Kelvin Atkinson, a former top Nevada state lawmaker who was convicted last year for campaign finance and wire act violations, was granted an early compassionate release Friday evening by a federal judge because of concerns about his possible susceptibility to COVID-19.
The order, issued Friday by Nevada District Court Judge James Mahan, commutes Atkinson’s sentence to credit for time served, ordering him released within 72 hours and requiring him self-quarantine at home for a period of 14 days. The order also requires him to serve the remainder of his original sentence under supervised release — home arrest — without electronic monitoring.
Atkinson had been sentenced to 27 months in federal prison and more than $249,000 in fines in July 2019 for misappropriating more than $450,000 in campaign funds for personal use between 2010 and 2017. He resigned from the Legislature on March 9, 2019 and pled guilty to federal charges against him just two days later. Atkinson would finally report to prison on October 18.
Many details of Atkinson’s situation, including his health condition, were not available because the documents were filed under seal. Atkinson filed the initial emergency request for an expedited release on March 27, with his attorney noting that his prison facility in California has been in lockdown since April 1.
But an attorney for Atkinson wrote in a sealed request — referenced by the federal judge in his order — that the former lawmaker has a “unique susceptibility to the COVID-19 infection,” but did not provide any additional details, beyond a note from a physician stating that the virus “could result” in his death.
Atkinson’s attorney did not immediately return a request for comment.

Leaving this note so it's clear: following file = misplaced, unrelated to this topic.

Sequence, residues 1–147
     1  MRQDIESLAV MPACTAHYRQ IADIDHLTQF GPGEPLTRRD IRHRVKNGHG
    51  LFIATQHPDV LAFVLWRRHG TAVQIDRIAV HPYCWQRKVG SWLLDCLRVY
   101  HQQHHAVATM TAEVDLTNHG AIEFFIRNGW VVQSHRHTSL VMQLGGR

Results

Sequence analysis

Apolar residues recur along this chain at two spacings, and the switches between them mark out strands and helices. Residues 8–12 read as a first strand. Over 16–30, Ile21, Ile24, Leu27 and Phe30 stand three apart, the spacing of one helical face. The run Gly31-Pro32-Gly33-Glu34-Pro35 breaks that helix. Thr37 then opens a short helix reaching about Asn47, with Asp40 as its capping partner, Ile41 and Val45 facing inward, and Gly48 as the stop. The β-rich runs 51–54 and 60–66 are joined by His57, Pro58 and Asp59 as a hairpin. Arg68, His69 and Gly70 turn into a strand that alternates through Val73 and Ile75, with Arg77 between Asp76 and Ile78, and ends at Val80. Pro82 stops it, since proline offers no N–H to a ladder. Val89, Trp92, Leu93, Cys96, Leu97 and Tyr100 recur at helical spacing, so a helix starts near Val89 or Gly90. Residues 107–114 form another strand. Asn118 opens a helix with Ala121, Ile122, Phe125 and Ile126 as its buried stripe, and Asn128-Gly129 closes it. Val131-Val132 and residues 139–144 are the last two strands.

Per Mahan’s order, Atkinson stated that no one at the USP Atwater prison facility in California provided him with cleaning products, such as lysol or bleach, and that staff members are not following social distancing guidelines and he “has not seen extra efforts of staff members making rounds to disinfect or take inmates’ temperatures to see if anyone has a fever.”
While the U.S. attorney’s office response was also filed under seal, Mahan’s order states that the government argued Atkinson “has not shown that his medical condition substantially diminishes his ability to care for himself at this time,” and that he has access to “effective cleaning products.”
The order requires Atkinson to serve the remaining three years of supervised release on top of the commuted sentence, and forbids him from leaving his residence other than for medical necessities or those approved by a probation officer. The judge also suspended an employment and community service requirement for early release, given the ongoing COVID-19 pandemic.
Atkinson was first elected to the Assembly in 2002, and would later join the Senate in 2012. He eventually rose to become the chamber’s majority leader in 2019, a job in which he served for just over two months before his surprise resignation on the Senate floor.
Read the release order below: